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The State

San Diego City Manager Resigns Amid Inquiry

His resignation letter gives no reason for his move after 61/2 years, but federal agencies have been looking into the town's finances.

March 17, 2004|From Associated Press

SAN DIEGO — City Manager Michael Uberuaga resigned Tuesday amid a federal investigation into the city's financial practices.

Uberuaga has managed the daily operations of California's second-biggest city for 6 1/2 years, overseeing more than 10,000 municipal workers and a $2.3-billion budget.

In his letter, Uberuaga said he intended to retire April 9 but did not say why. He did not immediately return a message seeking comment.

The Securities and Exchange Commission and the U.S. attorney's office have opened preliminary investigations into whether city officials provided fraudulent information to investors to sell more than $2.3 billion in bonds. They also are looking into the city's $1.1-billion pension fund deficit.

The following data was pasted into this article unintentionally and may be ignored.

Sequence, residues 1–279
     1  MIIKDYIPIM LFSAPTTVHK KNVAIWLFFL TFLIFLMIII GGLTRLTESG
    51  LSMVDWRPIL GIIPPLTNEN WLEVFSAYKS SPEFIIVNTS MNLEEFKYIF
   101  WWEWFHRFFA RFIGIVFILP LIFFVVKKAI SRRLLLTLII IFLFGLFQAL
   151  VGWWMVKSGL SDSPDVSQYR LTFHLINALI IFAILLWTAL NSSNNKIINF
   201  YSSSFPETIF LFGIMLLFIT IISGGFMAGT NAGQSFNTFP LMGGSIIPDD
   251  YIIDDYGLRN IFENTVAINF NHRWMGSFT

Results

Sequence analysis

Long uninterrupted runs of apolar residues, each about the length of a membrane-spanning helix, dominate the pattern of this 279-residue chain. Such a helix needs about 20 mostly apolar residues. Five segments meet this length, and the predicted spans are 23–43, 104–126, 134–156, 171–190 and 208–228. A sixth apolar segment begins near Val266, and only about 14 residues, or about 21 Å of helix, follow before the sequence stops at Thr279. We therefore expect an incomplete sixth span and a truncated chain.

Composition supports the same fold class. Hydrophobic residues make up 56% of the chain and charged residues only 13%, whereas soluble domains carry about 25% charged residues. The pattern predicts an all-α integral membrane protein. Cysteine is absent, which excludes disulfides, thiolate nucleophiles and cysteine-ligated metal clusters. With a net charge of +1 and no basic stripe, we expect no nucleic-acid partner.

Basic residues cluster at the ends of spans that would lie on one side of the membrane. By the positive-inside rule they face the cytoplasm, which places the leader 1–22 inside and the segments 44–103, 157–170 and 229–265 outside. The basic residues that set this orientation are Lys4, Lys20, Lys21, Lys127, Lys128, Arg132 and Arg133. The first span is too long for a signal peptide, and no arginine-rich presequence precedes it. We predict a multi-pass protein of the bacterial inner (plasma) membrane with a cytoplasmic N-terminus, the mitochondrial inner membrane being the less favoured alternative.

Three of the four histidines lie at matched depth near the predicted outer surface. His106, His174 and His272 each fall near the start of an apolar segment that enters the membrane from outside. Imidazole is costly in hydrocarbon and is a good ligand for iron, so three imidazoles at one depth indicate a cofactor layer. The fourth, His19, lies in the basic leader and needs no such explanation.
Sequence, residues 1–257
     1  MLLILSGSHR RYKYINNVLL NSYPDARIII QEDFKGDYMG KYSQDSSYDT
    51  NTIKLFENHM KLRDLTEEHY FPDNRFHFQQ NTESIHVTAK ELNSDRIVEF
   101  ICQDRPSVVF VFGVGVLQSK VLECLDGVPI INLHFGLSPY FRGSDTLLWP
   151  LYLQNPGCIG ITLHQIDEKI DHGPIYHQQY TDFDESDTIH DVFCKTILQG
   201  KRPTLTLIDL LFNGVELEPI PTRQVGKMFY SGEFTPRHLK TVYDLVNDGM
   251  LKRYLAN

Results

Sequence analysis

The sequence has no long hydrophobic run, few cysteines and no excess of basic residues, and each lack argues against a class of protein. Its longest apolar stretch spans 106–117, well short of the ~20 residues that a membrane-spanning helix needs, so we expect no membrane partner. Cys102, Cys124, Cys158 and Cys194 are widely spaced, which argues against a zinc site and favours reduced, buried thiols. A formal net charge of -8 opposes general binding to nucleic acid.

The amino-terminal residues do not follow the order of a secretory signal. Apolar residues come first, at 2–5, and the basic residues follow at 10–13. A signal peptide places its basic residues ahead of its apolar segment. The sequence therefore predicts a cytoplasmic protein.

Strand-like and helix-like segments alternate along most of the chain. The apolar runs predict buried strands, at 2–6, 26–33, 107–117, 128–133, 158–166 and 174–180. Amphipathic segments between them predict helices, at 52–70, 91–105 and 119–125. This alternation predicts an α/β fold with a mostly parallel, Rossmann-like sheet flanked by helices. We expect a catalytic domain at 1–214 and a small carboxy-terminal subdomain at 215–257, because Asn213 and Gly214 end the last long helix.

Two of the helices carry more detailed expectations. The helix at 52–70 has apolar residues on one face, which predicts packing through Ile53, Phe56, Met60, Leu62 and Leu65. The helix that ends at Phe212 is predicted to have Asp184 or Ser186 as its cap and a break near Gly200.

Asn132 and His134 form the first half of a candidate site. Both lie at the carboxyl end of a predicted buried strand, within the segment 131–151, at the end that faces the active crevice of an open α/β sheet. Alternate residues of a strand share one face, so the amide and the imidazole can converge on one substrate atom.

City officials have disclosed that San Diego has intentionally underfunded its pension system since 1996 in an effort to bridge budget shortfalls. Wall Street credit rating firms downgraded the city's once stellar financial outlook as a result.

Mayor Dick Murphy, who is running for a second term in the November election, praised Uberuaga as a "dedicated, hardworking employee."

"Mike always put the best interests of the citizens of San Diego first," Murphy said in a statement. "He has devoted himself to his work, and his integrity is unparalleled."

Ron Roberts, a county supervisor seeking to unseat Murphy, has said he would fire Uberuaga, a move that Murphy said he opposed. Roberts said Uberuaga failed to steer the "good ship San Diego" away from a "financial iceberg."

"At the very least, he was acquiescing in what were some very bad decisions," Roberts said.

The mayor said he will ask the City Council to promote Assistant City Manager Lamont Ewell to Uberuaga's job. Roberts said the city should conduct a nationwide search.

Before San Diego, Uberuaga spent more than two decades as manager of the California cities of Milpitas, Concord and Huntington Beach and of Steamboat Springs, Colo.

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